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Cycling class puts new spin on high-intensity workout

By Nancy Arcayna

LAST UPDATED: 10:37 a.m. HST, Dec 18, 2012

FL Morris / fmorris@staradvertiser.comParticipants take a 50-minute class on Spinner bikes at Hono­lulu Holo Cycling Studio.

All through a spin class at Hono­lulu Holo Cycling Studio, I kept thinking, "My butt hurts."

I was thankful for the times when we stood up on the stationary bike pedals, which provided some relief from being seated for long intervals.

Instructor Devin Minardi says it typically takes participants about three sessions before they become accustomed to sitting on the bike seat for the 50-minute class. If this were something I planned to do regularly, I'd definitely invest in padded bike shorts.


>> Where: 3057 Waialae Ave.
>> When: Classes held Monday through Saturday
>> Cost: $15 per ride; package deals available
>> Info: 737-8535 or visit honoluluholo.com

Honolulu Holo opened about a year ago, hidden on Wai­alae Avenue across from City Mill in Kaimuki. It's the only studio I've found that's solely dedicated to cycling.

Two 110-inch screens project music videos that provide a distraction from the monotony of performing repetitive motions.

There are 30 Spinner bikes, and participants can reserve a spot online before heading to class. Towels are provided, but make sure you bring a water bottle because you are sure to work up a sweat.

The cycling class delivers a high-intensity, low-impact workout, making it a good choice for those who want to avoid added strain on knee joints. Expect to burn 600 to 1,000 calories per session while building core strength and toning glutes, legs and stomach.

We started out with a warmup, pedaling at a steady pace. The gears on the bikes can be adjusted to the resistance that suits the rider.

"An ‘Ironman' can be pedaling next to a person getting a cas­ual workout," Minardi said. "The class is really designed for everyone, all levels."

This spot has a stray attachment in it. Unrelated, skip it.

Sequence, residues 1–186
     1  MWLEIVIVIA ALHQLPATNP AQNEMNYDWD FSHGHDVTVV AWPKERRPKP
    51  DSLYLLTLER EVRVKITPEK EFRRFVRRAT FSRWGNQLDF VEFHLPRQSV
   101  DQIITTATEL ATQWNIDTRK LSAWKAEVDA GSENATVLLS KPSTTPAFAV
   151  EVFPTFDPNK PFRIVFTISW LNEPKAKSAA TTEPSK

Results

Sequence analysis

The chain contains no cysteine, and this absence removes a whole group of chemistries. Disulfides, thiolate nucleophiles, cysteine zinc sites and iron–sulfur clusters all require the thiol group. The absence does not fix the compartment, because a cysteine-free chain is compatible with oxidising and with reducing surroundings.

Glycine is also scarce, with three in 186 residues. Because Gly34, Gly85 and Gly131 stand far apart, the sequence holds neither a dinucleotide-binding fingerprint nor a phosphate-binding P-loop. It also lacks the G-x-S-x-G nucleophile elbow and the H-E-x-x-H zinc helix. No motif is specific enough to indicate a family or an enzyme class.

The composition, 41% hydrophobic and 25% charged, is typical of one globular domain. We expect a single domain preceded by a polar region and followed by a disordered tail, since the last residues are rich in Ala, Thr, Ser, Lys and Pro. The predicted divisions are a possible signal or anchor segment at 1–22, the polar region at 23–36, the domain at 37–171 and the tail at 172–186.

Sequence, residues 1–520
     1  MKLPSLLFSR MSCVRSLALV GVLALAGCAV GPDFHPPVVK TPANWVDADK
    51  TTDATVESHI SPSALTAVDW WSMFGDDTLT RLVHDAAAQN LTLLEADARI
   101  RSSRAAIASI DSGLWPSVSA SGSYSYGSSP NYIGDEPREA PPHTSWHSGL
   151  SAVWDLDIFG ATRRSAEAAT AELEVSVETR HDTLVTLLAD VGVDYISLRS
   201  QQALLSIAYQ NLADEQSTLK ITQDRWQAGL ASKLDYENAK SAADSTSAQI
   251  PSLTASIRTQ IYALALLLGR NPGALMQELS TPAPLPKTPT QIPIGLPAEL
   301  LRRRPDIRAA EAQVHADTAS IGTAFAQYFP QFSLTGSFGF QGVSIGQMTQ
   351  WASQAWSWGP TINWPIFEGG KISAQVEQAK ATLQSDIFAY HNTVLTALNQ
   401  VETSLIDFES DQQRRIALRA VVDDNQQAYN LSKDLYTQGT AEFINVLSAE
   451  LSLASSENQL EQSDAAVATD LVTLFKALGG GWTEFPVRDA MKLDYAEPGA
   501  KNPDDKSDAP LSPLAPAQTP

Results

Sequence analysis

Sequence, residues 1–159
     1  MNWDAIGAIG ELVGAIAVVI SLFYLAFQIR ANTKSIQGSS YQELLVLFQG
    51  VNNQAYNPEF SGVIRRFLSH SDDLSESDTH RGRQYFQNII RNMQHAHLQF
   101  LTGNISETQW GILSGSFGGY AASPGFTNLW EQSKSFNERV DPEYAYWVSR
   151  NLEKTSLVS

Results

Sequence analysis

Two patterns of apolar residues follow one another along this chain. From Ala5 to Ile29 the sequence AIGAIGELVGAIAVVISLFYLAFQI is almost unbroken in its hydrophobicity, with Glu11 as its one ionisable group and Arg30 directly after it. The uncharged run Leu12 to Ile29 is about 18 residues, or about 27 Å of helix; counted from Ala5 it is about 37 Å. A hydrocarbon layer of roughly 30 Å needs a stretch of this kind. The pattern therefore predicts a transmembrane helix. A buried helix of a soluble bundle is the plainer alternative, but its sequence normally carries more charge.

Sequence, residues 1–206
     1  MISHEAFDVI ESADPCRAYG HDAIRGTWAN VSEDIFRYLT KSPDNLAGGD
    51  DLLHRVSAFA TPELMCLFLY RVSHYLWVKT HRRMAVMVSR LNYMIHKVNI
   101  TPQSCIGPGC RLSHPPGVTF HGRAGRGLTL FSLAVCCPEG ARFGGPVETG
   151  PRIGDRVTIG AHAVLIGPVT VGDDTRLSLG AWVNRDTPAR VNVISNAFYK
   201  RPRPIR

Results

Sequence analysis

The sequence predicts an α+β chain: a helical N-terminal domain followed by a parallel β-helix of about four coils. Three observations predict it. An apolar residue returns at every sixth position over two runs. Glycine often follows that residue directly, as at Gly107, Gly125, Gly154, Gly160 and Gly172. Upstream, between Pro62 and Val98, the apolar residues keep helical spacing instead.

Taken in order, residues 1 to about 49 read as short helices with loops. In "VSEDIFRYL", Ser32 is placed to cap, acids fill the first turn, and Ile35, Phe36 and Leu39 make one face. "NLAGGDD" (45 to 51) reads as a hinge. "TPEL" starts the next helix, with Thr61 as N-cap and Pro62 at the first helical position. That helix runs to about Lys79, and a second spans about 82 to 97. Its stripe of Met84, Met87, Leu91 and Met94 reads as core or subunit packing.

We maintained three different positions during the class: a regular seated position on the bike, a standing position and another where we leaned forward off the seat while holding the outer edges of the handlebars — all to the beat of music.

During each song we would adjust our resistance levels. Sometimes the gears were set at a lower level designed to mimic riding along a flat road. At other times the resistance was increased to equal the strain of climbing a steep hill.

The class culminated with 15 minutes of core-strengthening exercises on a mat and a good stretch.

The atmosphere of the group class provided the energy needed to push yourself to personal limits without having to learn any complex movements, as in Zumba, Step and other aerobic routines.

Leslie Fabish, a 33-year-old Hawaii Kai resident, has been taking classes since May. "It kicks my butt every time," she said.

An avid paddler, she uses the class as a part of a cross-training regimen. "It really helps build endurance."

Tayte Brock, a 44-year-old Kaimuki resident, has been taking classes since August. "I trained for my first triathlon this year, and I am always insecure around traffic," she said. "Hono­lulu Holo allows for time in the saddle without time in traffic."

Brock said she appreciates the entertaining videos. "It's so much easier to push yourself with the distraction," she added.


“Tryouts” features exercise and wellness classes and other fitness activities. Reach Nancy Arcayna at narcayna@staradvertiser.com or call 529-4808.

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environmental_lady wrote:
I"d much rather ride a real bicycle and achieve other goals like transportation and recreation and save gas to boot. How many of those participants drive a car to the gym? If they truly want a workout, then ride a bike up the full length of Wailae St. all the way to Hawaii Kai and back. That's what I used to do on Sundays when I lived there and it was all free, too.
on December 18,2012 | 02:44PM
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